The 2001 Williamstown Theatre Festival's staging of Willy Russell's Educating Rita, which began performances at the Nikos Stage on June 27, will conclude its run July 8. Jacqueline McKenzie plays Rita, the self-improving Cockney hairdresser who hires Frank, a professor, played by Edward Herrmann, to increase her education. It is Frank, however, who ends up benefitting the most, lesson-wise, from the arrangement.
Willy Russell's tender comedy is directed by Bruce Paltrow, father of Gwyneth and husband of Blythe Danner (a frequent stage partner of Herrmann's). Russell recently updated his script, albeit superficially, by added references in the text to such contemporary figures as basketball player Shaquille O'Neill and pop singer Christina Aguilera.
Herrmann has a long history with Williamstown, having appeared in many plays there. His Broadway and Off-Broadway credits include The Deep Blue Sea, Psychopathia Sexualis, Mrs. Warren's Profession (Tony Award), The Philadelphia Story (Tony nomination) and Plenty. The slim, fiery McKenzie is a newcomer to the festival.
"Educating Rita" was made into a well regarded film starring Michael Caine. Russell penned the screenplay.
The Nikos Stage season had its first tenant in A.R. Gurney's new comedy, Buffalo Gal, which ran June 13-24. The Mainstage season, meanwhile, began on June 20 with One Mo' Time, the Vernel Bagneris musical. The show plays through July 1 and is directed by Bagneris, who also stars. Next up is Howard Gould's Diva, July 11 22. *
What better way to spend the summer than in a production of the coolly named A Winter's Tale? Or, so seem to think a collection of seasoned stage actors who appear in director Darko Tresnjak's new mounting of the late Shakespeare drama. The show opened on the Mainstage July 4 and runs through the 15.
John Bedford Lloyd plays Sicilian king Leontes, a man so jealous he is "his own Iago," as Harold Bloom put it. Leontes suspects his wife Hermione, played by Kate Burton (of last season's Broadway-bound Hedda Gabler), of cheating on him with his best friend, Reg. E. Cathey's Polixenes, King of Bohemia. His attendants Antigonus (Tom Bloom) Camillo (Dylan Baker) cannot persuade his otherwise; nor can Antigonus' fiery wife Paulina, here portrayed by the equally fiery Kristine Nielsen.
And so, Hermione unjustly dies and Leontes sends Antigonus with baby princess Perdita with instructions to kill her. He cannot, of course, and Perdita grows up to become Laura Benanti in the care of Bill Smitrovich's Old Shepherd and his clownish son (Christopher Fitzgerald). All is peaceful, until Perdita meets and falls for Florizel (Joel de la Fuente), who is none other than Polixenes' son. Throw in a talking statue and a bear and you've got one of the Bard's oddest and trickiest works.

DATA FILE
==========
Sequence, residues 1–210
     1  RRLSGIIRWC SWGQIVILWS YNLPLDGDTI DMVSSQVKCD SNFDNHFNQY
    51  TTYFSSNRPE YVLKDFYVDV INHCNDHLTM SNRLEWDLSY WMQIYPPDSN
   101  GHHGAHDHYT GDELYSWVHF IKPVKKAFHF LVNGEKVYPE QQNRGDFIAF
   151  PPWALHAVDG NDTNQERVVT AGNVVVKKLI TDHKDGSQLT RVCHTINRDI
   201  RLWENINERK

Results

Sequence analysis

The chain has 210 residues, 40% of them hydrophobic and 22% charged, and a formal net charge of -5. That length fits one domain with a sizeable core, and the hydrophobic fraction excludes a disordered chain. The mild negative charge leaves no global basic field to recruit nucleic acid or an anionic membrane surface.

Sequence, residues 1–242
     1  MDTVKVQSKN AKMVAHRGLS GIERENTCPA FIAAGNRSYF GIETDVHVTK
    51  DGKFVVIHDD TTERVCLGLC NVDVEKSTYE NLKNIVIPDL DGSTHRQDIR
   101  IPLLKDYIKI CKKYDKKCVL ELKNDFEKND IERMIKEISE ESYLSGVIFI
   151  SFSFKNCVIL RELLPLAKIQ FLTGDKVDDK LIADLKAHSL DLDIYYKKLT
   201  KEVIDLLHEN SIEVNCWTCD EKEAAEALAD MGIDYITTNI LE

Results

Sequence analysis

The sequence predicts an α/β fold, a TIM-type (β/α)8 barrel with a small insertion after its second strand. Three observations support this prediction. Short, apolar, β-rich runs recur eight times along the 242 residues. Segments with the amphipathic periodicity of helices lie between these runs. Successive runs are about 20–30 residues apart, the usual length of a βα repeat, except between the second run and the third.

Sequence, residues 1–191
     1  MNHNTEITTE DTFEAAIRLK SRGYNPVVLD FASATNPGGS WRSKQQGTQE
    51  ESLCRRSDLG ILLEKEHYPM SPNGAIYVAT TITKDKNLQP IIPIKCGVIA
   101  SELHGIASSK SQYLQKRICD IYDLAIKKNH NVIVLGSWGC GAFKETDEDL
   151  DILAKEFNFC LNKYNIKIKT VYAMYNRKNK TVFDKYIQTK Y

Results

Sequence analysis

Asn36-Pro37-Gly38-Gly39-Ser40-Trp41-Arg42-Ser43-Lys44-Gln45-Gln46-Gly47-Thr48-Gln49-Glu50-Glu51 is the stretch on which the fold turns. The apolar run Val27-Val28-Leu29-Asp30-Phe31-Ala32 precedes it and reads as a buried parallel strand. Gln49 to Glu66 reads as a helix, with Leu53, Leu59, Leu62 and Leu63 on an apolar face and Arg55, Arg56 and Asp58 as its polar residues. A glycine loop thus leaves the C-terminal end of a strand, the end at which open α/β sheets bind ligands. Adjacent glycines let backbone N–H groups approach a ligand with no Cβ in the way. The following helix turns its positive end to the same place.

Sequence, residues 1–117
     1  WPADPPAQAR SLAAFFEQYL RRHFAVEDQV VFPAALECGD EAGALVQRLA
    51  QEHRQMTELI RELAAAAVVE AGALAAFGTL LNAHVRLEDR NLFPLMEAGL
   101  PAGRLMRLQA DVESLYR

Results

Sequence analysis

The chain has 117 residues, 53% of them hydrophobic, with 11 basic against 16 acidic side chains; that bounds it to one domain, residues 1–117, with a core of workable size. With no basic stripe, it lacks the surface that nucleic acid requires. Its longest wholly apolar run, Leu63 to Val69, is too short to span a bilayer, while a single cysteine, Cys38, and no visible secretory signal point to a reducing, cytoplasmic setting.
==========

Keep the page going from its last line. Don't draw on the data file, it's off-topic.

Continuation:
Tresnjak's approach to the classic is apparently a straightforward one, according to actors in the production. The helmsman has directed widely Off-Broadway and around the New England circuit, at such theatres as the Blue Light Theatre Company (Princess Turanot), Westport Country Playhouse (Turandot again), Long Wharf Theatre (Rosencrantz and Guildenstern Are Dead), Huntington Theatre Company (Amphitryon), The Vineyard Theatre (More Lies About Jerzy) and the Williamstown Theatre Company (Skin of Our Teeth).
A Winter's Tale way given an applauded mounting in Central Park last summer. Brian Kulick directed. Keith David, Henry Stram and Bill Buell starred.
The remaining season will run as follows:
• The Man Who Had All the Luck, by Arthur Miller, directed by Scott Ellis, July 18-29.
• Street Scene, by Elmer Rice, directed by Michael Grief, Aug. 1-12. Rice's gritty tale of a hot June day and its impact on the inhabitants of a cramped tenement. A cast of 50 is advertised.
• Philadelphia, Here I Come!, by Brian Friel, directed by Kyle Donnelly, Aug. 15-26. Friel's tale of an young Irish man (and his alter ego) trying to make peace with his homeland and his father before setting off for America.
• Diva, by Howard M. Gould, directed by Neel Keller, July 11-22. A workshop production of a comedy about a spoiled film actress trying to break into television. Bebe Neuwirth, Eric Bogosian and John Michael Higgins star.
• The Dumb Waiter by Harold Pinter and The Zoo Story by Edward Albee, directed by Joe Mantello, July 25-Aug. 5. Two classic one-acts from two authors, one British and one American, deeply influenced by Samuel Beckett.
• Observe the Sons of Ulster Marching Toward the Somme, by Frank McGuinness, directed by Nicholas Martin, Aug. 9-19. A drama about eight Irish nationalists serving in World War I.
In addition to the above productions, a workshop of Beth Blatt and Jenny Giering's new musical The Mistress Cycle is planned. The show takes a look at the life of mistresses around the world and down through the years. Audra McDonald recorded Giering's "I Follow" on her album "Way Back to Paradise." Also to be workshopped is Donald Margulies' latest, God of Vengeance. The adaptation of the Yiddish classic premiered at Seattle's A Contemporary Theatre in spring 2000. As in Seattle, Gordon Edelstein directs.
The festival also features a weekly reading series, with new plays being given an airing every Friday at 3 PM since June 29.
—By Robert Simonson